5th Graders Create Bigfoot ‘Sanctuary’ with Local Government


It can be rather difficult to drum up interest in American government among elementary school children.  The subject is often quite dry, at least for younger folks who haven’t yet found themselves drawn into the drama and the sport of politicking, who largely view suit-and-tie public service as an outdated and rather boring existence.

But there are a cast number of facets to government, and sometimes it just takes the right legislative niche to get them hooked.

That’s where one teacher in Washington State comes in.

As a result of a rather unique project, a class of fifth graders in Washington State successfully lobbied their local government to declare their county a “Sasquatch protection and refuge area.” The crytpozoological civics lesson was reportedly the work of students at Lincoln Elementary School in the city of Holquiam. According to their teacher, Andrea Andrews, the youngsters were initially tasked with researching the famed cryptid and determining “if Bigfoot was real and hadn’t been discovered yet, or that it was just a big bear and people had misidentified it.” This sparked something of a healthy debate within the class with opinions on the issue largely being split down the middle.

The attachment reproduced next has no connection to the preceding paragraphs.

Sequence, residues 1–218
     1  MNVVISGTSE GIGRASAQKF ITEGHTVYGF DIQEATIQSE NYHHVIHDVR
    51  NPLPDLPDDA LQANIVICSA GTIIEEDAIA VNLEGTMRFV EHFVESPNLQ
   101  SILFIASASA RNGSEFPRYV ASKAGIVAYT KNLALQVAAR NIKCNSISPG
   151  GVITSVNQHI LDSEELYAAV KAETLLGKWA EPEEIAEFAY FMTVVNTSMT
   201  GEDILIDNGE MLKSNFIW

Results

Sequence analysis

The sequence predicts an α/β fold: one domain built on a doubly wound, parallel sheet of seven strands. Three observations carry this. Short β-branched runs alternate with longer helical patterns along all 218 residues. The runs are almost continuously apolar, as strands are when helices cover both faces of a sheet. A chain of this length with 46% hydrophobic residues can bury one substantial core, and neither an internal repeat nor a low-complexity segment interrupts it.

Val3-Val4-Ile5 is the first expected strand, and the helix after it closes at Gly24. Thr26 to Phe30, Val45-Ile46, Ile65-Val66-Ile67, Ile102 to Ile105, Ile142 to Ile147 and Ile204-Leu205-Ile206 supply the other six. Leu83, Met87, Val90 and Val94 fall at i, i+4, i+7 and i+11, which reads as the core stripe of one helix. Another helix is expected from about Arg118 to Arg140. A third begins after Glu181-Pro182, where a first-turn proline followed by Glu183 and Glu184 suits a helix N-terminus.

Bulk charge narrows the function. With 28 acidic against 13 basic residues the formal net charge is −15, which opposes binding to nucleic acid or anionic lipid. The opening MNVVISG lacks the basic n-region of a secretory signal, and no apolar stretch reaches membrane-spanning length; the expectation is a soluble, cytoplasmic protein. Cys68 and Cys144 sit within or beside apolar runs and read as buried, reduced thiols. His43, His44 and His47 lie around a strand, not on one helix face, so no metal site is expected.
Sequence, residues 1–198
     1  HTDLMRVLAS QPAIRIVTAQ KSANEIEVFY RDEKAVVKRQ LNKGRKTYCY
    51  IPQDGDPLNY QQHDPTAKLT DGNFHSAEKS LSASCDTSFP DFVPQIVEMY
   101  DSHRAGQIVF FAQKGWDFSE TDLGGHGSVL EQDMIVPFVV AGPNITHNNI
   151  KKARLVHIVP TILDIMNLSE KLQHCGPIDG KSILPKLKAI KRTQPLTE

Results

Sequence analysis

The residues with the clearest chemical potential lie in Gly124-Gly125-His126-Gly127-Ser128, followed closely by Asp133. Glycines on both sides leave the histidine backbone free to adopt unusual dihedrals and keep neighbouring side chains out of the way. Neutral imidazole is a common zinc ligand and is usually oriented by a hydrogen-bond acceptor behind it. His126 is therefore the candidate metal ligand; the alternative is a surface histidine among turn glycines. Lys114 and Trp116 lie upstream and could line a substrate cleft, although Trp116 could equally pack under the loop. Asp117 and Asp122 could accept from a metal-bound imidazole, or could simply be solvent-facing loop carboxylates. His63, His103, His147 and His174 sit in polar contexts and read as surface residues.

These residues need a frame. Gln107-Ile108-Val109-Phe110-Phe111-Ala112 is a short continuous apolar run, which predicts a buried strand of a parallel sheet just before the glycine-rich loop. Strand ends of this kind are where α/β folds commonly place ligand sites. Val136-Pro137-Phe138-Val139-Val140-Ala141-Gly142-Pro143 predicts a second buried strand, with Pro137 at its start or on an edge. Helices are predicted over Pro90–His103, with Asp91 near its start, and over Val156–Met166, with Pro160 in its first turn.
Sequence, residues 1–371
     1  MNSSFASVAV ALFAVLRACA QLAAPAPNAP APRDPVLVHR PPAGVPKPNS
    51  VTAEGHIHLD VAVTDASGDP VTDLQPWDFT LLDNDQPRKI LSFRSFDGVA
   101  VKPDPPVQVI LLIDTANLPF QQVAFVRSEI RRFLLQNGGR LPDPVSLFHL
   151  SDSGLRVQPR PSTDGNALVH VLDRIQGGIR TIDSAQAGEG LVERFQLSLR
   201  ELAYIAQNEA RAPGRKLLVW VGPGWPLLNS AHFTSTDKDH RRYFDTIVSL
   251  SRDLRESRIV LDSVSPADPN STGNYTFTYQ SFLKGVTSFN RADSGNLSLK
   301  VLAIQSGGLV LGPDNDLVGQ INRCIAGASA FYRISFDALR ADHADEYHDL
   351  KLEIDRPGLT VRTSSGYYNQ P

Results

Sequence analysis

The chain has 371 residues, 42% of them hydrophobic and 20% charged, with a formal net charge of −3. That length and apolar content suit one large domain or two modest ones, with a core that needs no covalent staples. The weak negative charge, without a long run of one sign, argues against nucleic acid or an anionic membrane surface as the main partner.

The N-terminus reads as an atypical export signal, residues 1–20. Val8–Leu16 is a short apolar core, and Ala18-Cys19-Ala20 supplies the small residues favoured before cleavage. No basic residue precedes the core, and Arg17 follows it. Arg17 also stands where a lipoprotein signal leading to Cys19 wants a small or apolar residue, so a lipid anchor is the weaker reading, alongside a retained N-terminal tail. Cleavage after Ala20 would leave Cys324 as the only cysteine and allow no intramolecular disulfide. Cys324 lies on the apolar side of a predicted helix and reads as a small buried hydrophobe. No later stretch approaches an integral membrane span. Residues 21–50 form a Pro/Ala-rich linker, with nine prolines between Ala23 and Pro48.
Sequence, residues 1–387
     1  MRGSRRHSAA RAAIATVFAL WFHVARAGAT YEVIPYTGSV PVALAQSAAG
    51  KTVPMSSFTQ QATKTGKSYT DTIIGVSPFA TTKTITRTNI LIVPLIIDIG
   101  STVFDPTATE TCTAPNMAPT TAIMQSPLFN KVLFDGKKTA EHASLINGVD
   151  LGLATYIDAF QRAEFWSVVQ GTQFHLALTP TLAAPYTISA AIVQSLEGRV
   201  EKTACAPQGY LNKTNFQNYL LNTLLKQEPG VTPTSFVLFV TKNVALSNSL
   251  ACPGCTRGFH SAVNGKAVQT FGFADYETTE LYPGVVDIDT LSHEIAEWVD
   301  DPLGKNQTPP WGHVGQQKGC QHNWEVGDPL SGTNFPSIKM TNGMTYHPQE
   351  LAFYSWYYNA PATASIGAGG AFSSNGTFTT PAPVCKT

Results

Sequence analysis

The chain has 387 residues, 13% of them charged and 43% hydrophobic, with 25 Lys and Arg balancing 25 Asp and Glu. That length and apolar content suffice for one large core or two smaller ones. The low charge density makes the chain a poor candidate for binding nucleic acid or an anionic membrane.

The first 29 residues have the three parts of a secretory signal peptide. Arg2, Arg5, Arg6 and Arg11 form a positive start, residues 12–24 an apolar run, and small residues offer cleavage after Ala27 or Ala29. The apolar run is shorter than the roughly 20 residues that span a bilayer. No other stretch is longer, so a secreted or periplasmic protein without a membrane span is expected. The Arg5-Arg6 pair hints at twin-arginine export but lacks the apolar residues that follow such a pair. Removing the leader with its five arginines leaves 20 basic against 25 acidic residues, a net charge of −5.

The project was a rousing success.

Upon coming to a consensus, the class put together a proposal which argued that there is evidence supporting “the notion that Sasquatch exists” and, since sightings are scant at best, it is “likely an endangered species” that needs protection. Much to the subsequent surprise of the students, when resolution 2022-037 came before the Grays Harbor County Board of Commissioners at a meeting last month, officials opted to unanimously pass the proposal and decreed that the county is now a “Sasquatch protection and refuge area.” Stressing to her students that they had “changed the world in a little way” via their Bigfoot project, Andrews hopes that they will carry the civics lesson “into the rest of their lives.”

While some students worried that a flourishing bigfoot population could unnaturally affect the protected area, the small number of sightings of the legendary creature seemed to indicate that this wouldn’t be a problem in the foreseeable future, and the class was swayed to err on the side of protection.